Episode 17 The Folklore of International Adoption with Dr. Patricia Sawin

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Anthropologist, folklorist, and professor of American Studies, Dr. Patricia Sawin pays close attention to the stories we tell. Focusing on international adoption, Dr. Sawin examines how these stories weave together new families while sometimes over-simplifying difficult issues of race, privilege, and the power and limits of love.

Adoption is a culturally and historically complicated process that we like to envision as purely altruistic, yet usually involves moving children from less- to more-advantaged communities. Dr. Sawin discusses how international adoptive parents, who are usually white and financially secure, navigate the complicated emotional and social terrain of integrating children into their families who have been given by less powerful communities of color. Language plays a critical role in refashioning ideas about family, downplaying guilt about possible exploitation and others’ losses, strengthening bonds in the new families, and increasing comfort in a sense of larger purpose and design.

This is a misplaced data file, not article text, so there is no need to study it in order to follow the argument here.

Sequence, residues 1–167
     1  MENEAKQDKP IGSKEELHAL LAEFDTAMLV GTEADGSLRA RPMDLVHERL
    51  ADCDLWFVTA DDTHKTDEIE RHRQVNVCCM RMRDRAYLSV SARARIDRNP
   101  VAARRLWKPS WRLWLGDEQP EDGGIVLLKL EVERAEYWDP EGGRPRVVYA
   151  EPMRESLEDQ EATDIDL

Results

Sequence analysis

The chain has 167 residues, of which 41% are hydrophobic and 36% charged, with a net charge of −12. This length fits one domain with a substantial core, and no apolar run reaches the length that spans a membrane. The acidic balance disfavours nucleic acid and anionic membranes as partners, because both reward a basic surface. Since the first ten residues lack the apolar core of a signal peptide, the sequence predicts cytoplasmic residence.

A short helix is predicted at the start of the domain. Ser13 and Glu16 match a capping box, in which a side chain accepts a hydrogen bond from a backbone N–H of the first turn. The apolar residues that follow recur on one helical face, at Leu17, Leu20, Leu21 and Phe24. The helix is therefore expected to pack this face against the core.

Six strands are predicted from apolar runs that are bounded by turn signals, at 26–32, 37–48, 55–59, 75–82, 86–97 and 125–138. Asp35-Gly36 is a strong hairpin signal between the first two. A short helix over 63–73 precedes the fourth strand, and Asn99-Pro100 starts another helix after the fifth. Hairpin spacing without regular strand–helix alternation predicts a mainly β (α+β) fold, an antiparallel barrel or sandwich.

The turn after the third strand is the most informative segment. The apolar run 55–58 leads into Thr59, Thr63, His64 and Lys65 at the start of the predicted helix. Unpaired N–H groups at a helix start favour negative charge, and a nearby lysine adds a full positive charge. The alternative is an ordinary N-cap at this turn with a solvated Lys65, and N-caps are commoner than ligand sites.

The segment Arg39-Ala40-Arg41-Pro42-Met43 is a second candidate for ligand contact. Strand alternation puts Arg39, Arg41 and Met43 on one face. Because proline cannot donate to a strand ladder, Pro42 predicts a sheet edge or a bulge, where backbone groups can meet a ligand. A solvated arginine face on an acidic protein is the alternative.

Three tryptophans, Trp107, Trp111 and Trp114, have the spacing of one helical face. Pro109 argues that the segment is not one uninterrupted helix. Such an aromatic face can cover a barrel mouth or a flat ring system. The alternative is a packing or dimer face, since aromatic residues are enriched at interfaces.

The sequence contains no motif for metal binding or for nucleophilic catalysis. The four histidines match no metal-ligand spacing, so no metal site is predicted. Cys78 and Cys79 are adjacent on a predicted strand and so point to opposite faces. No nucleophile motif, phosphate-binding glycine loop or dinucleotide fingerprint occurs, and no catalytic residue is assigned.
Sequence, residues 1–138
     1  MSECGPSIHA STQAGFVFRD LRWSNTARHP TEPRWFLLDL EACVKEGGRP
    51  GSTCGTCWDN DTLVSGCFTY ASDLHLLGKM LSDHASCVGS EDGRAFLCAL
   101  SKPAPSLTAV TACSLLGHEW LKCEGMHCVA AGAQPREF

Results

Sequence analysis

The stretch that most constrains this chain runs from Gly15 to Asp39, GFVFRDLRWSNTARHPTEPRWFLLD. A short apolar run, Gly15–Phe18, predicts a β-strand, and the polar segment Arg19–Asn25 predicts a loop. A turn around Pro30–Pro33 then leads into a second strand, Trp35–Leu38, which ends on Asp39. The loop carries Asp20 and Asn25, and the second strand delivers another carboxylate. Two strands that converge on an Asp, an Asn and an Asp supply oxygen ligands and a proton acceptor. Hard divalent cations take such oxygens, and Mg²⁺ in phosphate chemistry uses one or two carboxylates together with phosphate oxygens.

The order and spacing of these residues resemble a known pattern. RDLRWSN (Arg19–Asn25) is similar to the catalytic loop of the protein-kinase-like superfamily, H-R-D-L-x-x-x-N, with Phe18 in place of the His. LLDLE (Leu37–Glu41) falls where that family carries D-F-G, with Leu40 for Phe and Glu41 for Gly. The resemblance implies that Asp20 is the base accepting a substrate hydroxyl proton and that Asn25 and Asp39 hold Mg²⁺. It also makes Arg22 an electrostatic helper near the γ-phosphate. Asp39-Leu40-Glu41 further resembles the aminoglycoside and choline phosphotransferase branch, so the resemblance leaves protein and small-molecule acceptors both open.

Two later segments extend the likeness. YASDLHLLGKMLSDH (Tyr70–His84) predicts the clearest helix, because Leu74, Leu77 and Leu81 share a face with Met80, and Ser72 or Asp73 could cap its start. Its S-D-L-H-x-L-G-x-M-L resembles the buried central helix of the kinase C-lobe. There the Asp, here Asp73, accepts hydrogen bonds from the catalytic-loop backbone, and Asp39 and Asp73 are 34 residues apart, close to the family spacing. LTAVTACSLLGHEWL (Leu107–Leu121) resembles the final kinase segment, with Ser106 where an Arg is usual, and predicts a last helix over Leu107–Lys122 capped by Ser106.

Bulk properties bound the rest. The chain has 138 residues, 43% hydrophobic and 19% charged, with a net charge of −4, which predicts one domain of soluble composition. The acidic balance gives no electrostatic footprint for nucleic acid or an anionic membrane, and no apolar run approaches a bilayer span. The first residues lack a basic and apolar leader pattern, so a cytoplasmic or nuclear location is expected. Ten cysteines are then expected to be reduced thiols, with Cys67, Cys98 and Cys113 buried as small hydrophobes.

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For more information on Dr. Patricia Sawin:

Dr. Sawin’s university webpage: http://americanstudies.unc.edu/patricia-sawin/ 

Dr. Sawin’s ethnography: Listening For A Life: A Dialogic Ethnography of Bessie Eldreth through Her Songs and Stories

Dr. Sawin’s page through the American Folklore Society: Patricia Sawin

More information on the material discussed in this episode:

American Folklore Society: http://www.afsnet.org/

Sawin, Patricia. 2017. “Every kid is where they’re supposed to be, and it’s a miracle”: Family Formation
Stories Among Adoptive Families. Journal of American Folklore 130(518): 394–418.

Bauman, Richard. 1977. Verbal Art as Performance. Prospect Heights, IL: Waveland Press.

Leinaweaver, Jessaca B. 2007. “On Moving Children: The Social Implications of Andean Child Circulation.” American Ethnologist 34(1): 163-80.

________. 2013. Adoptive Migration: Raising Latinos in Spain. Duke University Press.

Marshall, Kimberly Jenkins. 2016. Upward, Not Sunwise: Resonant Rupture in Navajo Neo-Pentecostalism. University of Nebraska Press.

Preston, Cathy Lynn. 1987. Narrative Performances in the Maternity Ward. Folklore Women’s Communication 2:171-176.

George Gmelch’s ethnography about tourism, in which he has readers read interviews and assess what is Behind the Smile.

Shuman, Amy. 2005. Other People’s Stories: Entitlement Claims and the Critique of Empathy. Urbana and Chicago: University of Illinois Press.

Other resources:

Journalist Melissa Ludtke worked with her daughter and daughter’s friend (adopted from the same orphanage in China). The question the now college-age girls realized they were most interested in finding answers to was what would their lives have been like if they’d stayed in China? So they worked it out for the girls to spend several weeks in the town they came from interacting with girls their own age. http://touchinghomeinchina.com/

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